“Here in America, we don’t use a maiden name as a middle name.”
Her emphasis was on “America”. Reminding me where I was and who was in charge. As though the huge flag behind her and the US Citizenship and Immigration Services badge on her arm wasn’t enough. With her declaration, she scratched out the name I’d printed on the document. The name I wanted.
“You can add it to the last name and hyphenate it,” she told me, “but you can’t replace your middle name.”
“But….” I protested, “Everyone I know did it that way after they got married. I don’t want my old middle name.”
“You can go through the court for a name change. Did you go to the court?”
Of course I hadn’t. I thought my marriage certificate was enough, as it had been for everyone else I knew. I dug through my folder to find it for her.
“That’s not good enough. You need to do it in the court. What’s your middle name?”
She moved her hand to the top of the form and wrote my middle name where she wanted it to be. A few more quick scratches of her pen, and she added the name I wanted to the “aliases” section. I have aliases now. Like a spy. A criminal.
She sighed. Shook her head. “You’d be surprised how many people come in here and think they can just change their names like that. It doesn’t work like that. You need to go to the court.”
I couldn’t argue with her. You can’t argue with immigration officials when they have your future in their hands. You can’t risk upsetting someone on the wrong day and having your petition denied. You go along with what they say. You do as they ask. You apologize for being so ignorant, for being in the way, for doing everything so obviously backwards, even though you followed every instruction to the letter. They are right and you are wrong.
I want to be angry. I want to be offended that I was told not just that I’d made a mistake or misread instructions, but that here in America, things are done differently. Because I know that’s ridiculous. Besides the fact that America isn’t a homogeneous mass, I can point to dozens of personal friends and professional acquaintances who have done exactly what this woman tells me is not allowed. Maybe it’s the truth; maybe there’s some fine print somewhere that says I can’t change my name with USCIS on the basis of a marriage certificate alone. But this woman dismissed me outright when I protested. She held fast to an approved script, instead of listening to me and seeing me as a person who needed help understanding the process. I am Canadian. I am white. I speak flawless English. I can only imagine how much more degrading it must be to face these people if you’re wearing a veil or struggling to find your words in your second or third language.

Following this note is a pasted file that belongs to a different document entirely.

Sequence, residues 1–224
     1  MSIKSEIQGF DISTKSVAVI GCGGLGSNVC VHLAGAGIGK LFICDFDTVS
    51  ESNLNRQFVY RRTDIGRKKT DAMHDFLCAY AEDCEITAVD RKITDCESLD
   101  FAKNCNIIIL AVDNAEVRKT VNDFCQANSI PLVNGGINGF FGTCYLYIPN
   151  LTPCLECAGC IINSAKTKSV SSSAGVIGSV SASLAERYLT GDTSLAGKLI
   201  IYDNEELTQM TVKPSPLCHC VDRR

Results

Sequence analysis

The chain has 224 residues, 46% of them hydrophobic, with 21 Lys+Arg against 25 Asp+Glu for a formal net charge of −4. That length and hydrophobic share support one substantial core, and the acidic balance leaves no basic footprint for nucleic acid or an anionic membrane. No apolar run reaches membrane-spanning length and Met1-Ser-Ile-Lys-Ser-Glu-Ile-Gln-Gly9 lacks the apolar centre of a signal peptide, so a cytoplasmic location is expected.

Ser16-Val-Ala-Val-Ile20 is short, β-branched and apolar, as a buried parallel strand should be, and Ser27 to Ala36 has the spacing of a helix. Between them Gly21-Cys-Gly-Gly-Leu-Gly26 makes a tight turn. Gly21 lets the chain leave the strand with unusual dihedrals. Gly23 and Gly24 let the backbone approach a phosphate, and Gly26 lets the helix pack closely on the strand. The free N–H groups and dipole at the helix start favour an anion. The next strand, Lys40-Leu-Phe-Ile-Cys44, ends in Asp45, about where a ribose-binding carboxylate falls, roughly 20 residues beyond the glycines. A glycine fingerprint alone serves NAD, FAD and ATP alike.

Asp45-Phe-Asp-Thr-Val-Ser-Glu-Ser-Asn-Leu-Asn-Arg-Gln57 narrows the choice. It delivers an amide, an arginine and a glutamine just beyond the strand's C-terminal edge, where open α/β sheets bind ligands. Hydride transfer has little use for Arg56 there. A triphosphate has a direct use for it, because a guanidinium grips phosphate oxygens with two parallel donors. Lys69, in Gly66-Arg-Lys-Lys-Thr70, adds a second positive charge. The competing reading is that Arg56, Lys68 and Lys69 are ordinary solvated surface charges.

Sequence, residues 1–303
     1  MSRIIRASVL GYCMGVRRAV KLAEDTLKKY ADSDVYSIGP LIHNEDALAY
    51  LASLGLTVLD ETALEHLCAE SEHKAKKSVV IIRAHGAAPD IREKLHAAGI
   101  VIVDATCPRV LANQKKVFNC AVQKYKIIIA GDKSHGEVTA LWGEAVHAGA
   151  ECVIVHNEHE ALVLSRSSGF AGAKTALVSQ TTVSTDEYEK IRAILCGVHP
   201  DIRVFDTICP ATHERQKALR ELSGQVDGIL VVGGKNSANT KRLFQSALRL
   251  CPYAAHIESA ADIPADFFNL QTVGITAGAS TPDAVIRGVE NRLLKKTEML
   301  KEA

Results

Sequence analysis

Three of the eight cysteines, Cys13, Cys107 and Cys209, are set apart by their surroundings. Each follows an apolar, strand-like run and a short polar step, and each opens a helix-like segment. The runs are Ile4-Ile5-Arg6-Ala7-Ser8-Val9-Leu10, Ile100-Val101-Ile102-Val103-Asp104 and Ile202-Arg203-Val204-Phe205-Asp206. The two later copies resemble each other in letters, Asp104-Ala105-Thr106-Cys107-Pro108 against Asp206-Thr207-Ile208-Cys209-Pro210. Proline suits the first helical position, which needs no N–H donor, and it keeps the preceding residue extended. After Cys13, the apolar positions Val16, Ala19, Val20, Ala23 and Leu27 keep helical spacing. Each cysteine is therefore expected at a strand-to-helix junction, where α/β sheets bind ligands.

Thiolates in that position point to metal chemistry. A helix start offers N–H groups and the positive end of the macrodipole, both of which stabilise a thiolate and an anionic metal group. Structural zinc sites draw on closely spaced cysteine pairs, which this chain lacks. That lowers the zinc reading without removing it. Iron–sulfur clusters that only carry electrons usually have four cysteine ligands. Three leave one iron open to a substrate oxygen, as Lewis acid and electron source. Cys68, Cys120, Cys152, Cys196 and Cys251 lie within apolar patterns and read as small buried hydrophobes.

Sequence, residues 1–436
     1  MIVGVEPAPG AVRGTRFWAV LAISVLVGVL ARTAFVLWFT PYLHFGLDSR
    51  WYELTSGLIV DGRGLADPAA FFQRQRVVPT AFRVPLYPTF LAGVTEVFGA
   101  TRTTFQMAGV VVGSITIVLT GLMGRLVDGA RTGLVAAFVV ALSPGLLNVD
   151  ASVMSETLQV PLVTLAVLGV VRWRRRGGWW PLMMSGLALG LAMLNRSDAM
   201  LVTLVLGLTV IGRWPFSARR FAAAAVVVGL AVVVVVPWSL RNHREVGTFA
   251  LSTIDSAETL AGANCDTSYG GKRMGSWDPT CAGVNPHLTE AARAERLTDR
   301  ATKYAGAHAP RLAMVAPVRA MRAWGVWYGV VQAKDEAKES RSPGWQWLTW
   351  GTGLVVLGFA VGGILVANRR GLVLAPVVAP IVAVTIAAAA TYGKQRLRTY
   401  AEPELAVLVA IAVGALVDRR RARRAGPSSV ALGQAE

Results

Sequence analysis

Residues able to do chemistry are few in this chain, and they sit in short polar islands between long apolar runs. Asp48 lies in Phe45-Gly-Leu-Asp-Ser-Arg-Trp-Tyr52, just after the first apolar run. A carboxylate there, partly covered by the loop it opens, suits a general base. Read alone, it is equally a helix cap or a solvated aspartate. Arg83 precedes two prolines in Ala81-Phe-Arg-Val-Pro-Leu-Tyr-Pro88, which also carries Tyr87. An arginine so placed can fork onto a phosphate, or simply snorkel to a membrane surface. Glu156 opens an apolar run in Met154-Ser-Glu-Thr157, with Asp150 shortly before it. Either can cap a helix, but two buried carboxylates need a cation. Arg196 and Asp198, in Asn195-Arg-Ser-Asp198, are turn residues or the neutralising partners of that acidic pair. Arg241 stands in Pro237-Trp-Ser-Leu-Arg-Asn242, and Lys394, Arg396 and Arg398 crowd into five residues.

Maybe I’m overreacting. Civil servants aren’t known to be the most caring and understanding of individuals, and working with the public can harden and desensitize you until you see everyone as a problem instead of a person. But it is wrong for the words “here in America” to be used by a member of the agency that every single immigrant to this country will need to work with. I am already in America, contributing to America’s economy, helping save American lives with my work. Yes, I am an alien here, but I am here.
When I told this story to friends, I was reassured by some that things will improve once I become naturalized and acquire American citizenship. That thought is why I’m hurt and saddened by this experience, and not furious as perhaps I should be. To think that once I cross that line and pledge allegiance and get a tiny American flag to wave, my slate will be clean and it will be like none of this ever happened. I’ll be the exact same person before and after that ceremony, but everything will change. I don’t know if that’s what I want. Do I want to be one of them? But I’m also tired of fighting. What does my name matter, anyway? If they say my middle name has to stay, maybe I’ll just keep it.
“But it was alright, everything was alright, the struggle was finished. He had won the victory over himself. He loved Big Brother.” — George Orwell, 1984